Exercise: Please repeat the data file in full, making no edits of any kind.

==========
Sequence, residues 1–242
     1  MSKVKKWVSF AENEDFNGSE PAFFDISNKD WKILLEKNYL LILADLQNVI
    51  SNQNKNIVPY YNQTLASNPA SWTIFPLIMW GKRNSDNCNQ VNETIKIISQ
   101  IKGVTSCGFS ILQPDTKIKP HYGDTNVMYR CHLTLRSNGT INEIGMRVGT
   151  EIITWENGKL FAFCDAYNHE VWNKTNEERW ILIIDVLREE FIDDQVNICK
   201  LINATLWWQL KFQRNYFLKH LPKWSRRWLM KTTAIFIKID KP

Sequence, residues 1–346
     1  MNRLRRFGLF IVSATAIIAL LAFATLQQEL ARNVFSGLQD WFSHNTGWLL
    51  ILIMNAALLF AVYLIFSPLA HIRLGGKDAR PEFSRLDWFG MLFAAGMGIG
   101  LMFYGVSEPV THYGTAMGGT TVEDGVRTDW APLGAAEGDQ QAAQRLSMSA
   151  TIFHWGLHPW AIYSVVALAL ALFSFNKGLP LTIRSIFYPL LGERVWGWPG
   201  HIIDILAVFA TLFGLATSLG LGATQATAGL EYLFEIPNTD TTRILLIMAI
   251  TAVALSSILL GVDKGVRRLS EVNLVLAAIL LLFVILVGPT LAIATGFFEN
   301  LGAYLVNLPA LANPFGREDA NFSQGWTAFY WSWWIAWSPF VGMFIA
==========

Sequence, residues 1–242
     1  MSKVKKWVSF AENEDFNGSE PAFFDISNKD WKILLEKNYL LILADLQNVI
    51  SNQNKNIVPY YNQTLASNPA SWTIFPLIMW GKRNSDNCNQ VNETIKIISQ
   101  IKGVTSCGFS ILQPDTKIKP HYGDTNVMYR CHLTLRSNGT INEIGMRVGT
   151  EIITWENGKL FAFCDAYNHE VWNKTNEERW ILIIDVLREE FIDDQVNICK
   201  LINATLWWQL KFQRNYFLKH LPKWSRRWLM KTTAIFIKID KP

Sequence, residues 1–346
     1  MNRLRRFGLF IVSATAIIAL LAFATLQQEL ARNVFSGLQD WFSHNTGWLL
    51  ILIMNAALLF AVYLIFSPLA HIRLGGKDAR PEFSRLDWFG MLFAAGMGIG
   101  LMFYGVSEPV THYGTAMGGT TVEDGVRTDW APLGAAEGDQ QAAQRLSMSA
   151  TIFHWGLHPW AIYSVVALAL ALFSFNKGLP LTIRSIFYPL LGERVWGWPG
   201  HIIDILAVFA TLFGLATSLG LGATQATAGL EYLFEIPNTD TTRILLIMAI
   251  TAVALSSILL GVDKGVRRLS EVNLVLAAIL LLFVILVGPT LAIATGFFEN
   301  LGAYLVNLPA LANPFGREDA NFSQGWTAFY WSWWIAWSPF VGMFIA